I've tried a couple of times to put myself in the Lightroom world but each time I could not get past some basic file handling/organization procedures with LR and LR's speed of operations and so stayed with ACDsee. I've never had issues with its' colour management (i.e colour spaces and assignment of ICC profiles) which is a complaint some have had but that is an area many hobbyist editors have issues with. It offers soft proofing and it worked for me but I don't use it as I seldom print at home. I find it very fast to put down a quick touch-up in handful of steps and I use its' non-destructive editing feature (it makes a backup of the original in a hidden folder).

Typically I open a file (either RAW or JPEG) in Develop mode, then:
  • Level/Straighten/Rotate
  • Crop
  • Sharpen
  • Noise Reduction (if required)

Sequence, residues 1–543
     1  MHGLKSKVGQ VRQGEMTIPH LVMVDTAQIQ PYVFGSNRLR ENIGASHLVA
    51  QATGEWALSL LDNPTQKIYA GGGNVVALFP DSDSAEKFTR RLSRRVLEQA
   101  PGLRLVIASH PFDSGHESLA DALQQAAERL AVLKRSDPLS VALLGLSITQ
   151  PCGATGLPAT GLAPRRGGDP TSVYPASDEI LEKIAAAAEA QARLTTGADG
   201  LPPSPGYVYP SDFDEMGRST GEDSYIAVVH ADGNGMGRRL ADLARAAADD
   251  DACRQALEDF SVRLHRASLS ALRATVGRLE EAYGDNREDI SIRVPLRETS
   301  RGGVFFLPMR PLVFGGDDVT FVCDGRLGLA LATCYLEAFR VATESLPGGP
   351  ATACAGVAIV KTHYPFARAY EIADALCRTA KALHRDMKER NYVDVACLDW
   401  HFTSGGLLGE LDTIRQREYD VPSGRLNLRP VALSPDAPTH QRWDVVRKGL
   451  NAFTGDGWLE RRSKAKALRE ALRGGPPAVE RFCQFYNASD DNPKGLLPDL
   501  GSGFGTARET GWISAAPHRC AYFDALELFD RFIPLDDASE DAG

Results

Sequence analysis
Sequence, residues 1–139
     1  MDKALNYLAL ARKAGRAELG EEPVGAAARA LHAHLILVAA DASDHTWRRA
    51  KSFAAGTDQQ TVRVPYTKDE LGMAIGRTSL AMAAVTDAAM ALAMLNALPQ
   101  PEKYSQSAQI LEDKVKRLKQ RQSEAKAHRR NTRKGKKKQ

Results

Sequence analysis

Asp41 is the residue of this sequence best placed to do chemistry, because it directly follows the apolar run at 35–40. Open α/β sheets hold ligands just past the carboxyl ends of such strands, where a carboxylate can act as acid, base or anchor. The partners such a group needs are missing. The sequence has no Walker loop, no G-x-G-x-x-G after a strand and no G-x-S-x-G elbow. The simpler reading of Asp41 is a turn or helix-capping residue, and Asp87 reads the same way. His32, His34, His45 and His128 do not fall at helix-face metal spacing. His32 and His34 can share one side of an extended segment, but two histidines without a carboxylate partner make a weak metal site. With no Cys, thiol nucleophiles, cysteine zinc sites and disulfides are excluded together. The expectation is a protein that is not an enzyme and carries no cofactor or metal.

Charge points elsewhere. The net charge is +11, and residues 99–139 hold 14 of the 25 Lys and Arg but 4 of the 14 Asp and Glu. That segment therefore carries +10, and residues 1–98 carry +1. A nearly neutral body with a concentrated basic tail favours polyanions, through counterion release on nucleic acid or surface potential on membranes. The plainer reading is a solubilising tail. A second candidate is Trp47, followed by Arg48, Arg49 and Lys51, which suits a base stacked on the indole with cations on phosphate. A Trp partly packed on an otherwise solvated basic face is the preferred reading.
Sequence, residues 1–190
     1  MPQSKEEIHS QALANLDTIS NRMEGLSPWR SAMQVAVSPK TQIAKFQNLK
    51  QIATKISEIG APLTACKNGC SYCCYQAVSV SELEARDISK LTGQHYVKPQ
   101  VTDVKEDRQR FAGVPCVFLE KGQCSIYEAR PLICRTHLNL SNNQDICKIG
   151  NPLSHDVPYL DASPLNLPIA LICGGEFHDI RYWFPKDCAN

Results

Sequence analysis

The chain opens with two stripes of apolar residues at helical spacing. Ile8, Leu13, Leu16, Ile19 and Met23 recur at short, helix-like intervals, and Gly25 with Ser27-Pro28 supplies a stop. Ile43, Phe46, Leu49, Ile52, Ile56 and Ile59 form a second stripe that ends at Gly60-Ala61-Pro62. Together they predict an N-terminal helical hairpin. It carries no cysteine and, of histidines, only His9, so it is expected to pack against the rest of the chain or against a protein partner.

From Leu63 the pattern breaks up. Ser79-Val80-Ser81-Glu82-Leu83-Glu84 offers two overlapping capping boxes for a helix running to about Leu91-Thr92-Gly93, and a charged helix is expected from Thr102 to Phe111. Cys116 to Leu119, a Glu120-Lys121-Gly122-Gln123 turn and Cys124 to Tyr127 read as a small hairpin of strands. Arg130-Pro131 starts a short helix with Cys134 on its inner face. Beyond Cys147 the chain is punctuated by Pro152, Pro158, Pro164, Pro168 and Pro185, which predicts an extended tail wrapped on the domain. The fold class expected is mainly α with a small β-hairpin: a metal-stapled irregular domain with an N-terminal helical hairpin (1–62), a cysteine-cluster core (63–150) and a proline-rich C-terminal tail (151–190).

• Tone Curves
  • White Balance
  • LightEQ (Advanced mode)
  • Saturation (if required) using either the General tool or the ColorEQ tool to pick a specific color and boost or lessen it.
  • Repair Tool (if needed for red eye or a hot pixel)
  • Save As with a modified name

Open the new file in Edit mode:
  • Resize smaller (for uploading to sites like Flickr or Smugmug or emailing to relatives)
  • Sharpen
  • Save As with a modified name (XXXX_small)

I can usually do something like this within 2 or 3 minutes but I often play with a tool to get just the effect I want. In Develop mode it is instant "undo" so it is very easy to try something different. You can run it in a batch editing mode to apply a preset to all selected files.

The one point to be mindful of is to limit the folders it tracks in its' database and once you've let it index a folder, only use the file management tools of ACDSee to do things with that folder - i.e. renaming, moving, etc.. If you use another tool, such as Windows File Explorer, to move a folder to a different drive, or rename a folder, you will create an orphan folder that has to be dealt with before the next time you update the software in order for the database to be transferred successfully to the new version. I imagine this is a common issue to most of the asset management type software.